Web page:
No offense, high-school English teachers, but you're ruining books for everybody. Or, more to the point, the people who designed the curriculum are making you do so. That five-paragraph essay everyone learns in their teens—with its bland thesis statements and subtheses and supports, its redundant conclusion, its refusal to allow the lonely word "I"—makes literature into dead-minded busywork rather than the stuff of life. The college students I have taught in fiction and composition courses arrive almost uniformly with no notion that fiction can be fun or interesting or, perhaps most important, relevant to who they are as human beings.
This makes editor J.C. Hallman's The Story About the Story series, now on volume II from Portland-based Tin House (352 pages, $18.95), more than just a beautiful read, although it very much is. The series is in its own way important to the world. Because if there's any justice out there, it'll eventually find its way into those dull high-school curricula.
To counteract the joyless misreadings and picking of scabs that have become today's literary criticism, Hallman is collecting writing about books that is every bit as personal, humane and emotionally rich as the books themselves. Zadie Smith's essay about reluctantly allowing herself to love Zora Neale Hurston—allowing herself to even acknowledge something like the "black experience"—is affecting enough it brought (manly, stoic) tears to my eyes even though I'd already read the essay in her 2009 book, Changing My Mind. Seattle writer David Shields' appreciation of Bill Murray, "The Only Solution to the Soul Is the Senses," is as tragic as it is funny. And Martin Amis' obituary for the great misanthropic poet Philip Larkin is a classic of the form, an ode to a death that was "as comfortless as the life." In the end, Amis writes, Larkin told his doctors "to tell him nothing—to tell him lies. It is said that Evelyn Waugh died of snobbery. Philip Larkin died of shame: mortal, corporeal shame."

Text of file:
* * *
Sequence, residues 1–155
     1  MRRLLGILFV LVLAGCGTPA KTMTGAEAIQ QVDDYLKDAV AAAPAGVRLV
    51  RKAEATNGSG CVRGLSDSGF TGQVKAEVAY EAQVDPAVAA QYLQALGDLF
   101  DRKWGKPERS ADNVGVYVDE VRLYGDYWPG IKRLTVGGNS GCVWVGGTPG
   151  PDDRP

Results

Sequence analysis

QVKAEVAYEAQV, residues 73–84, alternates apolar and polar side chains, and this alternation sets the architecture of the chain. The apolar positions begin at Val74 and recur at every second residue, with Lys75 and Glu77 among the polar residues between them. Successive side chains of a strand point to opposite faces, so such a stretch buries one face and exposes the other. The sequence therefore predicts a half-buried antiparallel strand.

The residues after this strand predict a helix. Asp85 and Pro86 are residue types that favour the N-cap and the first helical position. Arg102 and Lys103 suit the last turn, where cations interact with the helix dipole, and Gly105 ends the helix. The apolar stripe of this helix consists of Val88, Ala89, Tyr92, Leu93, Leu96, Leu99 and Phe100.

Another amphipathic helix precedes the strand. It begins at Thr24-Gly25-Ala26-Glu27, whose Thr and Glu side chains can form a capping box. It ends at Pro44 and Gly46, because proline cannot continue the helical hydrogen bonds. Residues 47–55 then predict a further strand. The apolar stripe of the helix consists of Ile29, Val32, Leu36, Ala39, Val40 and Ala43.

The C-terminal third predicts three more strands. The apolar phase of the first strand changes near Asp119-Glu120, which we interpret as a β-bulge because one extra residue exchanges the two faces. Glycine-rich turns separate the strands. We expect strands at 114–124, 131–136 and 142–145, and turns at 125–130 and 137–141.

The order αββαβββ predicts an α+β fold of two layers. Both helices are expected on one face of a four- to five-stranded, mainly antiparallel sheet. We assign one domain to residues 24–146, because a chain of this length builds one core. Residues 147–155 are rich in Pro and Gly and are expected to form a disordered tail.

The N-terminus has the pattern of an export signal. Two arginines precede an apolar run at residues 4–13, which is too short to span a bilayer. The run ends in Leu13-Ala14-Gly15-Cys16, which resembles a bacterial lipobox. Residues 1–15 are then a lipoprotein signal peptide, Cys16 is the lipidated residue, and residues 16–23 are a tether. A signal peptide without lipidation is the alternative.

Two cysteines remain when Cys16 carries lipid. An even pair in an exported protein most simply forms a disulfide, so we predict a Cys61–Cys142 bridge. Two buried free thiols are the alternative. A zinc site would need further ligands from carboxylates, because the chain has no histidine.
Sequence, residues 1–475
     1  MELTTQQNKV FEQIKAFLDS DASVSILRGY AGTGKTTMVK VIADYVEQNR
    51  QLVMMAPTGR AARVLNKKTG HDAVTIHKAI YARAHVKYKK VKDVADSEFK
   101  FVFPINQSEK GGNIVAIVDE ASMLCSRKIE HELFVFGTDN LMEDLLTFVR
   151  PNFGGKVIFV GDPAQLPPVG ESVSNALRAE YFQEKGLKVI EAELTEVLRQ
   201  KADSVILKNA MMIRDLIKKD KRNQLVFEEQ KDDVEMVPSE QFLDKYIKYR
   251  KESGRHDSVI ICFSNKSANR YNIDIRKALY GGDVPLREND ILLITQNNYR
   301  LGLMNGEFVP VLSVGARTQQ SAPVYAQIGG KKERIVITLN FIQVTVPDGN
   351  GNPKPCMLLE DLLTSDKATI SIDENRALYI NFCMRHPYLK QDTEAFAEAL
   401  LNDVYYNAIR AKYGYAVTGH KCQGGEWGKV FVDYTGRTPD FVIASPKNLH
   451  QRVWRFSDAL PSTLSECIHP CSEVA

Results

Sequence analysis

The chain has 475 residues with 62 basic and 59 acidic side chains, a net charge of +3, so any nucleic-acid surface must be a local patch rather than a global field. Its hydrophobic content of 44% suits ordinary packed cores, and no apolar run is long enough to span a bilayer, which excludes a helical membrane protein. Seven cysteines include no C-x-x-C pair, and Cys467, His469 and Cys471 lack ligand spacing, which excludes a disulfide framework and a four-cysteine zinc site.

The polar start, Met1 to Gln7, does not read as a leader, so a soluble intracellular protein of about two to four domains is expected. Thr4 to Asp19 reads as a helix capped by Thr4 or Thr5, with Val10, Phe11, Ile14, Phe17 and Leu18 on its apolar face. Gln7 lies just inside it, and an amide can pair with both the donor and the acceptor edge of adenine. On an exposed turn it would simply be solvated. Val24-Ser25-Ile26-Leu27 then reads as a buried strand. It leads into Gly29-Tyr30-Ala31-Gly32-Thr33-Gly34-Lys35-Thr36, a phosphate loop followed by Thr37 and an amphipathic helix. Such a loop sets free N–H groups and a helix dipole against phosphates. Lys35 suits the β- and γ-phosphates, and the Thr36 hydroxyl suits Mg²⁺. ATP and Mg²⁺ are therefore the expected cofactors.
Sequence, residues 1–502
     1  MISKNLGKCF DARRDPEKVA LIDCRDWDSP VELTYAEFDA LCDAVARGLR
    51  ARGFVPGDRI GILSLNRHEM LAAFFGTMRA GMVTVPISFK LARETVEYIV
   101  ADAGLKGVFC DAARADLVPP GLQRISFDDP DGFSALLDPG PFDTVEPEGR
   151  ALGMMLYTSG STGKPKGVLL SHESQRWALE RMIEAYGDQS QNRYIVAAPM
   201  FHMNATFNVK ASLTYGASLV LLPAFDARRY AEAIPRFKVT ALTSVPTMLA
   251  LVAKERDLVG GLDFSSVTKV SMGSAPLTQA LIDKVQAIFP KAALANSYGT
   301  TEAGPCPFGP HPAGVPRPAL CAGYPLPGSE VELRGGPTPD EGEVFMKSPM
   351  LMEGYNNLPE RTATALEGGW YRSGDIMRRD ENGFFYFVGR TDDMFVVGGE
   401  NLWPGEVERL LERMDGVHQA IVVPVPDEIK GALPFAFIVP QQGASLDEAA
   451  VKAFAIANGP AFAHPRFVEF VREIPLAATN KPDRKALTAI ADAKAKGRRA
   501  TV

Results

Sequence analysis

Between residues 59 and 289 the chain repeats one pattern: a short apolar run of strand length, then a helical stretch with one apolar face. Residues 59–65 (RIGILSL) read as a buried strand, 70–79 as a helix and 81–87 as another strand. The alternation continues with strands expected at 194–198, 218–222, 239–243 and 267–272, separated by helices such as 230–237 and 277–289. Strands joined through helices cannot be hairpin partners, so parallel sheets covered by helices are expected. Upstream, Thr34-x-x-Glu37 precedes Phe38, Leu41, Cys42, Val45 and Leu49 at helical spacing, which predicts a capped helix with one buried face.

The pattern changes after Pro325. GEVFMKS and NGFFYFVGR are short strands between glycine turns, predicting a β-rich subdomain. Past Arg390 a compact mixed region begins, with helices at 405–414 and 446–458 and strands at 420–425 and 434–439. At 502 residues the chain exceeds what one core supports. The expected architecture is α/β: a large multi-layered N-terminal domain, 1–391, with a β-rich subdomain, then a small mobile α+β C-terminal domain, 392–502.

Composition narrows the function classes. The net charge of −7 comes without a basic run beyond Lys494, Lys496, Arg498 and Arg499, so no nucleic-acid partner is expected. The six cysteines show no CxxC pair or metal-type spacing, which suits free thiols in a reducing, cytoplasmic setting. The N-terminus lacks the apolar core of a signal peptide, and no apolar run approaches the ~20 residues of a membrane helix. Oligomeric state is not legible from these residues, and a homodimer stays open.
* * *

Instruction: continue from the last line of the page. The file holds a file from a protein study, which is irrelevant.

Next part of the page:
The essays in this book are also mortal, corporeal. There is shame in them, and joy, and sadness, and there is love. They are, like the literature they describe, alive with possibility. Vivian Gornick's little piece about Grace Paley leaves one knowing precisely why children scream on a roller coaster. It is not from fear or joy, exactly. It is the pressure of the world upon them: When one is filled with so much feeling, so much sensation, it must somehow escape.
READ IT: The Story About the Story II, edited by J.C. Hallman, will be published by Tin House Books on Oct. 15.